Course: Antitrust Law
Since 1982, the U.S. Department of Justice, the Federal Trade Commission, and state attorneys general have used the Herfindahl-Hirschman Index (HHI) to measure market concentration for purposes of antitrust enforcement. The HHI of a market is calculated by summing the squares of the percentage market shares held by the respective firms. For example, an industry consisting of two firms with market shares of 70% and 30% has an HHI of 70²+30², or 5800.
According to the DOJ-FTC 2010 Horizontal Merger Guidelines, the agencies will regard a market in which the post-merger HHI is below 1500 as "unconcentrated," between 1500 and 2500 as "moderately concentrated," and above 2500 as "highly concentrated." A merger potentially raises "significant competitive concerns" if it produces an increase in the HHI of more than 100 points in a moderately concentrated market or between 100 and 200 points in a highly concentrated market. A merger is presumed "likely to enhance market power" if it produces an increase in the HHI of more than 200 points in a highly concentrated market.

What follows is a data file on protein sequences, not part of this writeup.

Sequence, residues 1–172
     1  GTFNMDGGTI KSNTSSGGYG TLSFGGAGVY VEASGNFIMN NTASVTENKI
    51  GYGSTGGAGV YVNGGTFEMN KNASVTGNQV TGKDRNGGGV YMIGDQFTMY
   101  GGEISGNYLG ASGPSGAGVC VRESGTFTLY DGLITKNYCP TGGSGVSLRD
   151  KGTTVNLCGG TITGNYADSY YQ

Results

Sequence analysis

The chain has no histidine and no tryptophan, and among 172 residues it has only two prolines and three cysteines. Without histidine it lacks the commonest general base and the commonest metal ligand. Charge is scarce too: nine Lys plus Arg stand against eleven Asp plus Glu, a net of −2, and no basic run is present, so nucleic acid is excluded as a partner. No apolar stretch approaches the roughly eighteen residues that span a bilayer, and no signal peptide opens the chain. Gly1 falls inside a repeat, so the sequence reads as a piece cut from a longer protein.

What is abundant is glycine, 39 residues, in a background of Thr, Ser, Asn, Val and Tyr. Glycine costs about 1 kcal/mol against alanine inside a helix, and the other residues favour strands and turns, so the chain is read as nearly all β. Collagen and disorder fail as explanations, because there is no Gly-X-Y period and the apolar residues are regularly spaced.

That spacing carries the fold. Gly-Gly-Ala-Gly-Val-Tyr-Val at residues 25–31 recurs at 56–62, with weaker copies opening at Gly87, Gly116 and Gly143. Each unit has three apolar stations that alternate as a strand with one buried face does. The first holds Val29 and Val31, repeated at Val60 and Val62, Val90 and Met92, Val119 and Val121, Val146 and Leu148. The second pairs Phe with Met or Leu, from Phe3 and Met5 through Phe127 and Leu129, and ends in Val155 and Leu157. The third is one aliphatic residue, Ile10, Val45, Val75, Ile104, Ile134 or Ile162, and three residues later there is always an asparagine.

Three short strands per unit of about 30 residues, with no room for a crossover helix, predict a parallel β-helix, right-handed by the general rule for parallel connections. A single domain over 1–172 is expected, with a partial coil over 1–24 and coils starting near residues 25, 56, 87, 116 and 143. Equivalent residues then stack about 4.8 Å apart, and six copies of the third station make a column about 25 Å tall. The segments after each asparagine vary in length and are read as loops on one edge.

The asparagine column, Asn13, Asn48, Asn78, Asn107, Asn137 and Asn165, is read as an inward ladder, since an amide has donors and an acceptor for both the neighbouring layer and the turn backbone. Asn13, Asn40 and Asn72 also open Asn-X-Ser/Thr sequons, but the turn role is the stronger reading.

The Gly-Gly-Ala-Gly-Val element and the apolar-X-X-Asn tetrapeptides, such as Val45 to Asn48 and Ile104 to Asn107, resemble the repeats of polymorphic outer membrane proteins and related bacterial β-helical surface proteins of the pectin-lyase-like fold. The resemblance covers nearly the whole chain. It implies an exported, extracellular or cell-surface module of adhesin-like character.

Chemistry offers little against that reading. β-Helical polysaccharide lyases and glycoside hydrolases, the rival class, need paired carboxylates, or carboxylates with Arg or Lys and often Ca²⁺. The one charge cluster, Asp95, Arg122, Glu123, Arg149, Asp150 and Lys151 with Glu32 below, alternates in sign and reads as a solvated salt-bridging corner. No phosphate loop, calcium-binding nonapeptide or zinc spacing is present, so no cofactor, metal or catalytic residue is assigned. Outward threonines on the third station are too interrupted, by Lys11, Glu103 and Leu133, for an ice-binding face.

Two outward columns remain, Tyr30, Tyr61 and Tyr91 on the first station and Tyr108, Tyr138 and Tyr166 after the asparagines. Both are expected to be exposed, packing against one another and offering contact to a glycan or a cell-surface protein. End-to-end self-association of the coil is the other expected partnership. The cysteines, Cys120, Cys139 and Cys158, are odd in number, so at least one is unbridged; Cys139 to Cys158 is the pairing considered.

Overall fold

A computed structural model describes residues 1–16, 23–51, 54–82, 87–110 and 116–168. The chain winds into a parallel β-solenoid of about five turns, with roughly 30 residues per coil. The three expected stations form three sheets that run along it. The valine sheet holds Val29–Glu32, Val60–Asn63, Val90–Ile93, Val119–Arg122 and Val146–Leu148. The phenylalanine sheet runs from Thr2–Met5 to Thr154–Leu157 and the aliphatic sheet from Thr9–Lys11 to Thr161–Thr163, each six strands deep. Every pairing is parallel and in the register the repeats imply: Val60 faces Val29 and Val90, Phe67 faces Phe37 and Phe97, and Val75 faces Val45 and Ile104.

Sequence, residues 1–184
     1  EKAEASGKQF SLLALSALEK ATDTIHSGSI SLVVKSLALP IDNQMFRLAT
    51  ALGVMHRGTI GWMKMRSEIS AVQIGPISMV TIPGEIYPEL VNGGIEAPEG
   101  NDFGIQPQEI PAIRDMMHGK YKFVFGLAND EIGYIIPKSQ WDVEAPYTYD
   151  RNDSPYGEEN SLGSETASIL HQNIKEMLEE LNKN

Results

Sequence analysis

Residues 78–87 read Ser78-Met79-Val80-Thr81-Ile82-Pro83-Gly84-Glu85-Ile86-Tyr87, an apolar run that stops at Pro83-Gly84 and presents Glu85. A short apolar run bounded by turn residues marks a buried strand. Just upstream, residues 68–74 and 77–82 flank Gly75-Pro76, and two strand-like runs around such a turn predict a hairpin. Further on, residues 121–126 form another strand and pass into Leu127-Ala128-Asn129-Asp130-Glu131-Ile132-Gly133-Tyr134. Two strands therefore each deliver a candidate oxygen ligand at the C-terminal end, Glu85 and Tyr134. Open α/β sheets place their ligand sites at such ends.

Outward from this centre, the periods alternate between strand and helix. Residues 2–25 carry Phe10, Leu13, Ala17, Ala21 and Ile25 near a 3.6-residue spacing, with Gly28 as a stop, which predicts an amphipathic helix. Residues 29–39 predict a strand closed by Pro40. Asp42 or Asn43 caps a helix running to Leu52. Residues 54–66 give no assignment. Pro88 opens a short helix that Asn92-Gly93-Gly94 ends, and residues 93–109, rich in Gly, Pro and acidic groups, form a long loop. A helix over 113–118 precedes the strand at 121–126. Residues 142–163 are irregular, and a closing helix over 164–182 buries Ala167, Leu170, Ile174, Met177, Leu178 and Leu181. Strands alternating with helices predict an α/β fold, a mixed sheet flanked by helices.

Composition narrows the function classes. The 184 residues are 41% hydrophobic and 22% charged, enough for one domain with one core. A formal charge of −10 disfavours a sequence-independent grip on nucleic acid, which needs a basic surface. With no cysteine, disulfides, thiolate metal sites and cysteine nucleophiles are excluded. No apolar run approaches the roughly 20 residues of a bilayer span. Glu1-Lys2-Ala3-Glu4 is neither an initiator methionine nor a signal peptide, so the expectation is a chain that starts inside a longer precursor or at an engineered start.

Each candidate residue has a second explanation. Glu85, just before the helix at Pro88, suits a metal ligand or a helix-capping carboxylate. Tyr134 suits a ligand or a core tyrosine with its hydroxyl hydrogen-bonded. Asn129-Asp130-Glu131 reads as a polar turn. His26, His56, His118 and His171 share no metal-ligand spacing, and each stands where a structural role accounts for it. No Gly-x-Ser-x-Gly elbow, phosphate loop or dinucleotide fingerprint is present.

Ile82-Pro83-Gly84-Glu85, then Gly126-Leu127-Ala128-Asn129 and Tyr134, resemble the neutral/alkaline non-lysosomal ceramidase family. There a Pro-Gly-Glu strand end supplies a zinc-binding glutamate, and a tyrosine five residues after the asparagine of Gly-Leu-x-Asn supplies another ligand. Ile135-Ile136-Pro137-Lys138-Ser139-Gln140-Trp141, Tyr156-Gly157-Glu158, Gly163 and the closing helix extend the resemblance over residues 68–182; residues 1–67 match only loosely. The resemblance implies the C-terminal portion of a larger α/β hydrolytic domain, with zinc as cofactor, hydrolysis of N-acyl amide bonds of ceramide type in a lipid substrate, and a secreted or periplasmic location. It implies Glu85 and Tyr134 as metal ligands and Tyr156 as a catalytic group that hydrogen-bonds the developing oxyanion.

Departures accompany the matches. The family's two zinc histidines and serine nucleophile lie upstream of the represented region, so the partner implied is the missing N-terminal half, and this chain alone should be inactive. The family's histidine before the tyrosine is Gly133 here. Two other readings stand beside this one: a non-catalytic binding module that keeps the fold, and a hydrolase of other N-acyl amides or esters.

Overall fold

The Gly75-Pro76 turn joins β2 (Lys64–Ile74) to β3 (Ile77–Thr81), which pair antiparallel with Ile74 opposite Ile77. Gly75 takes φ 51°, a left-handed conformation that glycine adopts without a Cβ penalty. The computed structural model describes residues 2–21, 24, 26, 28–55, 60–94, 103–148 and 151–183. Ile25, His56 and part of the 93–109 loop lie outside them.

The form below provides a convenient worksheet for the calculation of the HHI statistic under various scenarios that are commonly considered during the agencies' merger reviews. Up to 20 company names and sales figures may be entered, and any set of companies may be selected as parties to a proposed merger. Because market definition is a frequently contested fact in antitrust analysis, the form also provides the option to select any set of companies to exclude from the calculation.
-- Andrew Chin
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